A commentary yesterday at Huffington Post suggests as much, in extolling — and overstating — the accomplishments of Bob Woodward and Carl Bernstein, the Washington Post reporters who covered the scandal.
The commentary, which considers the state of investigative reporting, says Woodward and Bernstein “plugged away for two years at the Watergate story through thick and thin and false leads. They were determined to nail then President Richard Nixon for authori[z]ing a break in at the Democratic Party HQ during his re-election campaign and then organi[z]ing a cover up. They did, with his resignation in August 1974.”
Woah. A lot of overstatement there.
Nixon, however, certainly did seek to block the FBI’s investigation of the breakin — and for that obstruction of justice, he was compelled to resign the presidency in disgrace.
But more important is that Woodward and Bernstein didn’t “nail” Nixon on Watergate. As I discuss in my latest book, Getting It Wrong, their investigative reporting for the Post certainly didn’t bring down Nixon’s corrupt presidency.
“The heroic-journalist interpretation,” I add, “minimizes the far more decisive forces that unraveled the scandal and forced Nixon from office.” Those forces included bipartisan panels of both houses of Congress, special federal Watergate prosecutors, federal judges, the Justice Department, the FBI, and the U.S. Supreme Court.
If inelegantly, even Woodward has concurred, declaring in an interview in 2004:
What toppled Nixon, what brought down his presidency, was clear evidence of his culpability in the crimes of Watergate — evidence captured on audiotapes that he secretly made of his conversations at the White House.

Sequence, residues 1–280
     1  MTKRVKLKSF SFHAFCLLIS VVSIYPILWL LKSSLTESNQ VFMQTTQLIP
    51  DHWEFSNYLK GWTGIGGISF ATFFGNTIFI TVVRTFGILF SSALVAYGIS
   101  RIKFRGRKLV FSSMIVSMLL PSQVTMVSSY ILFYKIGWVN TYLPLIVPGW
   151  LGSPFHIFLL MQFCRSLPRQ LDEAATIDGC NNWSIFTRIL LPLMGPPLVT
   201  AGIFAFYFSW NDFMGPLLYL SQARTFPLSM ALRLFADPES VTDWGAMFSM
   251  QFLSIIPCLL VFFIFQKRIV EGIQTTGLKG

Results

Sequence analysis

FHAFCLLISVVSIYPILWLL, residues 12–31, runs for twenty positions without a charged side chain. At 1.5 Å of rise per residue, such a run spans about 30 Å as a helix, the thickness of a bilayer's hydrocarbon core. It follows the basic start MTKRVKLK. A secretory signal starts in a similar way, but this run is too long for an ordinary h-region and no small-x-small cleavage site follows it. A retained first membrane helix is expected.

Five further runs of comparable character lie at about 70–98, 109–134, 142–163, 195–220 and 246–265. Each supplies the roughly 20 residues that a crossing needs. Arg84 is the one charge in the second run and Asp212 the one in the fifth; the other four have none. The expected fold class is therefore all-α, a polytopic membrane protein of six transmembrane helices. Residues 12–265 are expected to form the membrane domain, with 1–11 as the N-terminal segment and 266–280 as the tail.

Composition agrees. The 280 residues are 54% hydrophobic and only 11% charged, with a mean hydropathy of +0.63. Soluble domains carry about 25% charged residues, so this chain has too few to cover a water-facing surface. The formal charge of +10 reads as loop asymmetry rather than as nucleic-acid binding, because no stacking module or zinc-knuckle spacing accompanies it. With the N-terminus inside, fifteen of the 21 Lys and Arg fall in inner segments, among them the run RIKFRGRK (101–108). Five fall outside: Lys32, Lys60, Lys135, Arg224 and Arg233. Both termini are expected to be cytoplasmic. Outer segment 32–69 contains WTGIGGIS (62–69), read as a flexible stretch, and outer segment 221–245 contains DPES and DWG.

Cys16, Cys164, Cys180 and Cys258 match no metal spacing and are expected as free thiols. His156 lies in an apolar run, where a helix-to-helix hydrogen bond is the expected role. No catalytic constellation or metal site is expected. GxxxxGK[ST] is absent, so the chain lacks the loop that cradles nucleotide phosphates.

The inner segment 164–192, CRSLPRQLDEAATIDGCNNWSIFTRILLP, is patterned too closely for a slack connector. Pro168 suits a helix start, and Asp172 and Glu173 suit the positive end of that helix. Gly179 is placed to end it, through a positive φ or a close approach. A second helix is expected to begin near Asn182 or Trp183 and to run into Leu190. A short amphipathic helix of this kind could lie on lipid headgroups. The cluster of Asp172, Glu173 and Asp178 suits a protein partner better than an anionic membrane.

The decisive evidence — known as the “Smoking Gun” tape — revealed that Nixon at a meeting with his top aide, H.R. Haldemann, on June 23, 1972, sought to deflect or derail the FBI investigation into the Watergate burglary.
Woodward and Bernstein didn’t reveal the contents of that tape, which Watergate prosecutors had subpoenaed and which Nixon had refused to surrender until ordered to do so by the U.S. Supreme Court.
Nor did Woodward and Bernstein disclose the existence of Nixon’s secret taping system. That was revealed in July 1973, during hearings of the Senate Select Committee on Watergate.
In All the President’s Men, their book about their reporting, Woodward and Bernstein said they had received a tip about the taping system a few days before its existence was made public.
According to All the President’s Men, Ben Bradlee, then the Post‘s executive editor, suggested not expending much energy pursuing the tip. And they didn’t.
Interestingly, Bradlee also insisted the Post did not nail Nixon.
Speaking on a Meet the Press interview program at the 25th anniversary of the Watergate break-in, Bradlee declared:
[I]t must be remembered that Nixon got Nixon. The Post didn’t get Nixon.”
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